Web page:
Treaty with Portugal likely to help Abu Salem escape life sentence
Salem, sentenced to life for his role in the 1993 serial blasts, was extradited from Portugal in 2005 on the condition that he would not be imprisoned for more than 25 years.india Updated: Sep 08, 2017 07:38 IST
Despite a Mumbai court handing life sentence to extradited gangster Abu Salem for his role in the 1993 Mumbai blasts case, he may actually not spend more than 25 years behind bars because of a sovereign undertaking by India to Portugal while extraditing him in 2005.
On Thursday, the designated Terrorist and Disruptive Activities (Prevention) Act (TADA) court pronounced sentences against five of the six convicts in the case.
The sixth convict, Mustafa Dossa, died after the special public prosecutor began his arguments on the quantum of sentence and sought capital punishment for him earlier this year. Tahir Merchant and Firoz Khan were sentenced to death, while life imprisonment was pronounced for Karimullah Khan. Riyaz Siddique got 10 years in jail.
Advocate Rishi Malhotra, who has represented Salem in the SC, said, “Salem was extradited from Portugal after giving an undertaking to Portugal that Salem will not be given a death penalty or sentenced to a jail term exceeding 25 years. Normally, a life term means the convict stays behind bars till the end of his life. But in this case, the TADA court has given him a life term which violates the undertaking given by the government of India.”
Though extradition terms specify conditions, such a clause cannot prohibit an Indian court from giving such a sentence. To make up for this, the government included a commitment that they would, if such a sentence were imposed, resort to legal measures to restrict it.
So the question is if the court was right in giving Salem a life term in spite of a sovereign undertaking.
The answer to this was given by the Supreme Court in 2012 while dealing with Salem’s petition, where he argued that he cannot be tried for the offences which entailed death penalty as the same was the pre-condition agreed by the Indian government at the time of his extradition. The apex court in its judgment said Portugal cannot impose any pre-condition on Indian courts.
Advocate Sudeep Pasbola, who defended Abu Salem in the 1993 blasts case, said, “It is now for the government to see that undertaking given to Portugal government is not violated and it can easily be taken care of. The government has powers of remission and pardon and to honour its undertaking, it can exercise powers and pardon Salem’s remainder of the sentence given by the trial court.”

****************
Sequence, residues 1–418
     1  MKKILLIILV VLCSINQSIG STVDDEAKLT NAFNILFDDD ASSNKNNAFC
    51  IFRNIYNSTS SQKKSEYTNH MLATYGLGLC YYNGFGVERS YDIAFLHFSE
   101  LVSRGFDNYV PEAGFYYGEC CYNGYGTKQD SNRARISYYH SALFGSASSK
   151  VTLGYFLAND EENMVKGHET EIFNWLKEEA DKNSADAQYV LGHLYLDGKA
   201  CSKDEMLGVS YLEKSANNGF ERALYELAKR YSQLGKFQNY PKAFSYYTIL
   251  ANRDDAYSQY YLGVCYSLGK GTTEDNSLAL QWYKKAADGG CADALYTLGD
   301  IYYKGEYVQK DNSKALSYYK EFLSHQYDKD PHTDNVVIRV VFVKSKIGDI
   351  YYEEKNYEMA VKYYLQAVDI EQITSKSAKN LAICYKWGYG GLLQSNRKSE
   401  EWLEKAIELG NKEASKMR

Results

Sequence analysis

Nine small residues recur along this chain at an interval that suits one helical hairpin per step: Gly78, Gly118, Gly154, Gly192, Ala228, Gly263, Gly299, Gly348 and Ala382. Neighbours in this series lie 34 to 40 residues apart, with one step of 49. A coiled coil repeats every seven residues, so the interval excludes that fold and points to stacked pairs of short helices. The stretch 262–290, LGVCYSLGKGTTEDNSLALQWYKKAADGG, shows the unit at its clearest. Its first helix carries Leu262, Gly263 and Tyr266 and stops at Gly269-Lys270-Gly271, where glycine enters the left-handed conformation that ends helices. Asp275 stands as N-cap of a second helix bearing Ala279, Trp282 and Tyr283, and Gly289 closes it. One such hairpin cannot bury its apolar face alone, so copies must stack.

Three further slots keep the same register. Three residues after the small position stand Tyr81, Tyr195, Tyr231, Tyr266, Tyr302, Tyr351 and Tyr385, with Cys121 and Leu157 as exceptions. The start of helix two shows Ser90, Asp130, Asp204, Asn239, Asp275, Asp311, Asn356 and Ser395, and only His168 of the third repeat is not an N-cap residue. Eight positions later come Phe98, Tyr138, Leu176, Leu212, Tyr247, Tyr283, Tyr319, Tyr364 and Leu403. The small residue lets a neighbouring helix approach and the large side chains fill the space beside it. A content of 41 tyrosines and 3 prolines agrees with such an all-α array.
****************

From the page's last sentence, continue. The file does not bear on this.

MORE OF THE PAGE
Pasbola also believes that this life sentence can go on to be one of the important grounds for challenging the verdict in the SC.
This is not the first time that Salem has been sentenced to life.
Earlier in 2015, a special TADA court sentenced Abu Salem to life imprisonment and slapped a Rs8 lakh fine, for the murder of builder Pradeep Jain in 1995.
Salem has been the only case of successful extradition by India of an accused from a European country. Hence, his case has always raised a discussion on the allegation of violations and its consequences if there are any.
Former Maharashtra advocate-general (AG) Shrihari Aney said the reasons for which Salem has alleged violation of extradition conditions comes into the picture only if the Indian government deliberately suppressed facts and cases known to them before.
“If the government found new evidence against the accused after the extradition, the accused would be tried under fresh material under the Indian law and procedure of Indian judiciary. This cannot be a violation,” Aney said.
Senior counsel Ashok Mundargi said imprisonment for life is not a violation as such, because according to the treaty, Salem was not given capital punishment as Portugal had abolished death penalty in their country.
“Under the criminal procedure code, though the imprisonment for life is for the entire life of the convict, the jail manual provides for various categories for imprisonment for life. The categories start from imprisonment for 14 years and goes above, but not till death,” Mundargi said.
It is the jail authorities that decide which category the convict falls under and it is for the state, or in case of the 1993 blasts, the Centre to take a decision. Mundargi said in case of a breach, the only consequence would be that Portugal would consider the aspects before honouring any further requests.